His wife of four years, Rosemarie Cordello, followed a similar pattern at the law firm where she worked for 17 years. After taking a voluntary simplicity course at Portland's Northwest Earth Institute (www.nwei.org), Cordello went from full-time to a 30-hour work week. Her elementary-age son was thrilled that she was waiting for him after school. Eventually she quit work altogether.
    "I had been on automatic pilot," she said. "The course gave me an opportunity to question how I was spending my time. (My life) didn't match my values."
    Not everyone wants to work less. "When we're using our jobs to answer basic questions like 'Who am I? What is my life about?' - questions we used to go to church to answer - then it becomes really crucial that we be working really hard," Sweet said.
    Scarcity of part-time benefits And those who do want to work less often can't afford to. That's where business initiatives and corporate culture come into play.
    Good part-time jobs, for example, are hard to find. Most are low-paying with no benefits, according to the "Take Back Your Time" handbook.
    New Seasons Market, which employs about 650 people in four Portland-area stores, is one of the few places that provides full-time benefits (medical and dental insurance for employees and their families) to anyone working 20 hours or more, such as Abhaya Thomas, a Bethany mother of four who started at 32 hours a week and now works 25 at the Orenco Station store.
    Time off is another important issue. In Western Europe, even starting employees are guaranteed a minimum of four to five weeks paid vacation each year. The United States is the only industrial country with no minimum paid time off laws.
    The Family and Medical Leave Act of 1993, which applies to about 60% of U.S. workers, guarantees as many as 12 weeks of unpaid leave a year to care for a new child or seriously ill family member. But the Christian Science Monitor reported in 2002 that less than 7% of eligible employees apply for such leave. In addition to the lack of pay, they worried about co- worker resentment and management disapproval.
    Allowing unpaid leave Even paid time off can fall victim to those fears. When David Haines came to New Seasons, he had two months of vacation days stored up from his previous job. "It was really difficult to get time off, so I hadn't taken a vacation," said Haines, now human resources development manager. He appreciates how a company's written policies can be affected by its corporate culture.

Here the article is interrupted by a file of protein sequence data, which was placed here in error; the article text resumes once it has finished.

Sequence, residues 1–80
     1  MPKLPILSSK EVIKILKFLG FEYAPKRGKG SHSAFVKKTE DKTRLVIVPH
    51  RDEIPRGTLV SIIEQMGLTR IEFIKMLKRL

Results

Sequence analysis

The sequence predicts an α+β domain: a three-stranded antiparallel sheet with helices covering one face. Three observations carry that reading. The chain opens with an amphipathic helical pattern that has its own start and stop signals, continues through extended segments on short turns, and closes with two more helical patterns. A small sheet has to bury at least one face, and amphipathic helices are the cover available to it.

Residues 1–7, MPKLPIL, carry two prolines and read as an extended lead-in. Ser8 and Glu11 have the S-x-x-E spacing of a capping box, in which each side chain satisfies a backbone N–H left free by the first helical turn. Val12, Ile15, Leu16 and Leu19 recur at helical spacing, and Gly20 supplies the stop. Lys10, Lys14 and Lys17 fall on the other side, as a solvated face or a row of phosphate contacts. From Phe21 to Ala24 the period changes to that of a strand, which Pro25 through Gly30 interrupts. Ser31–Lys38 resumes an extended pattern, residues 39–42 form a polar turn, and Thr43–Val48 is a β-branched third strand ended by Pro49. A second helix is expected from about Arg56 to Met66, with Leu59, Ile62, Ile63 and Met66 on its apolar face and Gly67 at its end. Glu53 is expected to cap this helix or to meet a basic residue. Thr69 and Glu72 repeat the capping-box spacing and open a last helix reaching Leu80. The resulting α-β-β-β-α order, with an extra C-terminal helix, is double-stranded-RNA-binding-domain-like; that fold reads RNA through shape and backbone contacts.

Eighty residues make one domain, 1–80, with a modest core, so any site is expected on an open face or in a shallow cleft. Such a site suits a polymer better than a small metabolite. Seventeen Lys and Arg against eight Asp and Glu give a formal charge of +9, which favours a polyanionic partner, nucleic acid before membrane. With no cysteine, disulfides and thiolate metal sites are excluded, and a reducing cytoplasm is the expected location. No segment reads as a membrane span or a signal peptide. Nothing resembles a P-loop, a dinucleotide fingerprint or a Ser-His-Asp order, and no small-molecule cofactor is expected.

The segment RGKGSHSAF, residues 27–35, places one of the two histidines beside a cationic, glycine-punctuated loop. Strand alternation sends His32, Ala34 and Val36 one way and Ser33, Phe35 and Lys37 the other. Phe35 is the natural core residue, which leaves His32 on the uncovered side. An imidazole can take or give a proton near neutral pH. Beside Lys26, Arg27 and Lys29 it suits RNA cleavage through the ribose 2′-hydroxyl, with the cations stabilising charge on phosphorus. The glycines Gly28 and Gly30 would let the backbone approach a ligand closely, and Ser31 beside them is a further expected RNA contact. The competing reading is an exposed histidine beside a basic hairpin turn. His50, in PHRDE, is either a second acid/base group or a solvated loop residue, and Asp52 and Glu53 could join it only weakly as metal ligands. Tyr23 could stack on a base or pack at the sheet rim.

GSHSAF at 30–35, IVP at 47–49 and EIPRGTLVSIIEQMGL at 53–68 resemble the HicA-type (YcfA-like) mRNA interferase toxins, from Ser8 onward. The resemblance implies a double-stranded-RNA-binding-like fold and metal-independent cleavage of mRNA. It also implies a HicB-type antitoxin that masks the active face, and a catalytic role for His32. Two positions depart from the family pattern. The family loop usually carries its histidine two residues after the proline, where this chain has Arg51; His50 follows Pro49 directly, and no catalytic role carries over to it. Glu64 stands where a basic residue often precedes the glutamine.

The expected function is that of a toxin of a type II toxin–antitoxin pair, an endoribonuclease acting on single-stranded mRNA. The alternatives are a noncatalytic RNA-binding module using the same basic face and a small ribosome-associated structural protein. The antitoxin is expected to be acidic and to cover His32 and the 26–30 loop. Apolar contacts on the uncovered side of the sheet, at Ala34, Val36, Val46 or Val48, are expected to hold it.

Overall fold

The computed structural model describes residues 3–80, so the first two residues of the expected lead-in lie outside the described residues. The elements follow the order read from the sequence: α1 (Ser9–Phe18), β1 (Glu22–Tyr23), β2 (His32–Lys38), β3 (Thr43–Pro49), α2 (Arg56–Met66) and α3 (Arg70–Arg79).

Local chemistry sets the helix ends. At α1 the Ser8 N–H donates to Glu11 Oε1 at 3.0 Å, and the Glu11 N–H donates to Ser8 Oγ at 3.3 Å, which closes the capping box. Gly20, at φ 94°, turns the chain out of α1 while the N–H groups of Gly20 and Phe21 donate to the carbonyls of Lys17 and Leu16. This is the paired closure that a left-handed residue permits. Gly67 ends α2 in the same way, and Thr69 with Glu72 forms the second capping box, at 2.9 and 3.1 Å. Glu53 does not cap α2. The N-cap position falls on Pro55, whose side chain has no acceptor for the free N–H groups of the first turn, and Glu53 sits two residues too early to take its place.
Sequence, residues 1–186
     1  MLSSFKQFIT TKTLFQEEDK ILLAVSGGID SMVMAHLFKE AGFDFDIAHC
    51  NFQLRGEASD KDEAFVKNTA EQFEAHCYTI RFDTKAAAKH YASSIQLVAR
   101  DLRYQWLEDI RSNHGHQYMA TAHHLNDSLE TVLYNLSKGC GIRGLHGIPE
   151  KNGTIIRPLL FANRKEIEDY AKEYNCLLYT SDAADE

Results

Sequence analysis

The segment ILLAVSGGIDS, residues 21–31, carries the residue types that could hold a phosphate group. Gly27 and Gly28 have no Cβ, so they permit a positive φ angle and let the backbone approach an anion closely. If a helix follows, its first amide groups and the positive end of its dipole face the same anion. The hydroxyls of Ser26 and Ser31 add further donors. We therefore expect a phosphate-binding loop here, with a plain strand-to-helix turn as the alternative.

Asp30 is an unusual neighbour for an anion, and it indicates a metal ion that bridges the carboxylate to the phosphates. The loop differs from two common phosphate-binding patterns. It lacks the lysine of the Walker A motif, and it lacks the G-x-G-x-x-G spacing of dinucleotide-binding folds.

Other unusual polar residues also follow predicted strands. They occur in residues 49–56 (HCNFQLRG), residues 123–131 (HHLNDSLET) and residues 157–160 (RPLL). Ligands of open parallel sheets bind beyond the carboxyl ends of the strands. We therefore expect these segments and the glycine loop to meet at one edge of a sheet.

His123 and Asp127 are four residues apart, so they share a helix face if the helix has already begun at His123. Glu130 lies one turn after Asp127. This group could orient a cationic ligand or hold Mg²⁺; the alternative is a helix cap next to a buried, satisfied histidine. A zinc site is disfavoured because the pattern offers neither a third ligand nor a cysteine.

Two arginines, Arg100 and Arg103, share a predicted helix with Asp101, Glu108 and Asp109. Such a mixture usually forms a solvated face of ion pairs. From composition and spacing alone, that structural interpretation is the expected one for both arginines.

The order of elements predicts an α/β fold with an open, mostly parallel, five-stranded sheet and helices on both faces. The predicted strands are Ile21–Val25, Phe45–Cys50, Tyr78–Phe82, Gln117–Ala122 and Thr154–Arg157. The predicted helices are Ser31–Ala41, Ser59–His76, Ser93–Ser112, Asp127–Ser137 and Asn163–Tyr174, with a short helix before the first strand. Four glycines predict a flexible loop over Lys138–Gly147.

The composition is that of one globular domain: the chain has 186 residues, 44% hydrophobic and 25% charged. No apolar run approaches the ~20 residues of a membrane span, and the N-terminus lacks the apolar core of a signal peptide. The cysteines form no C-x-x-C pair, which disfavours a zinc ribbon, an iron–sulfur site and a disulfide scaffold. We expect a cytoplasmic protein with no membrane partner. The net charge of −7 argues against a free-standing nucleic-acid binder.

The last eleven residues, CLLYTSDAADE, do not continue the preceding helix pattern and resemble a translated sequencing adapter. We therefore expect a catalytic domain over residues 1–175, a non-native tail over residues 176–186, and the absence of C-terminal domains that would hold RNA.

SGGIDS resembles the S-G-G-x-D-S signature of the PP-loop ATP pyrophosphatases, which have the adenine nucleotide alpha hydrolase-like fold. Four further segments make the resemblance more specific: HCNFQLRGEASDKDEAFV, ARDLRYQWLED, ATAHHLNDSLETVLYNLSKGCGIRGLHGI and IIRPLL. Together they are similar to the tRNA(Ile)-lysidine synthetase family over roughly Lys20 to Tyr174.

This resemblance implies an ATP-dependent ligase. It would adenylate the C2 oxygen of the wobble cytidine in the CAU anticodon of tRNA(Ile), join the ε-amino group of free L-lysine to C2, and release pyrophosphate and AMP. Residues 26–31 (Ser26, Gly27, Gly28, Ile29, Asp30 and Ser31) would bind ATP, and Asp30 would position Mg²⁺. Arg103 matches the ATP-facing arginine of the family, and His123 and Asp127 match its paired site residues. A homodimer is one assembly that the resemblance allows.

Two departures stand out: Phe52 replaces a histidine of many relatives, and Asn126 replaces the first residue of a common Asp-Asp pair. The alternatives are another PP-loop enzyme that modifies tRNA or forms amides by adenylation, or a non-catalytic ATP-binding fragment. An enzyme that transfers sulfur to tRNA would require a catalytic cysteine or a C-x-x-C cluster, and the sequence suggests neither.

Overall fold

"In most companies, if you were working 90 hours a week, you might get an award. Here, if we see someone working like crazy, we would say, 'What's your problem? Go get a life,' " he said.
    [So, unlike many other CEOs, not a control freak.]
    And unpaid time off is not discouraged for employees in good standing, even for seemingly frivolous reasons. Since January, at least 15 employees have taken several weeks to three months of unpaid leave to do everything from touring with their bands to pursuing meditational programs to traveling to Europe.
    Thomas is taking unpaid leave from her part-time job in the produce section at Orenco Station's New Seasons to travel to India for nearly six weeks with her husband. She is grateful, knowing that at many other companies, "most people would probably just have to quit in order to do something like this."
    On a smaller scale, Stan Christiansen, the Orenco store's bookkeeper, will take a couple of unpaid days around Halloween after using up all his paid vacation this summer at a family reunion.
    Moving at too high a speed
    A major cultural change will have to occur before longer paid vacations such as those of Europeans (an idea endorsed by former U.S. Secretary of Labor Robert Reich) appear at New Seasons or any other U.S. company.
    "I think it's difficult for an individual employer in isolation to swim against the current of mainstream culture," Sweet said. "As a culture, we have become much too busy and move at much too high a speed."
    Particularly with the unemployment rate up and the economy in bad shape, it's difficult to talk about working less, he said.
    But if enough people call for cultural change, lawmakers will start to listen, Sweet said. "When John de Graaf creates Take Back Your Time Day, he's trying to change public opinion."
    Sweet is already on de Graaf's side. He only wishes he had gotten there sooner so he could have spent more time with his sons, now 17 and 18. "Now they don't have enough time for me."

  2. [Actually, worktime reduction is happening anyway, but happening in terms of economically desperate un(der)employment instead of financially secure leisure -]
    US consumers working less, www.mnrons.com.
    The Harris Poll at this time of the year asks US consumers how much time they spend working, including at school and housework, how much time they have for leisure and what their favourite pastimes are. In most years, the numbers do not change very much. This year's survey, however, shows a sharp drop in the average number of hours spent working (including housekeeping, studying and commuting).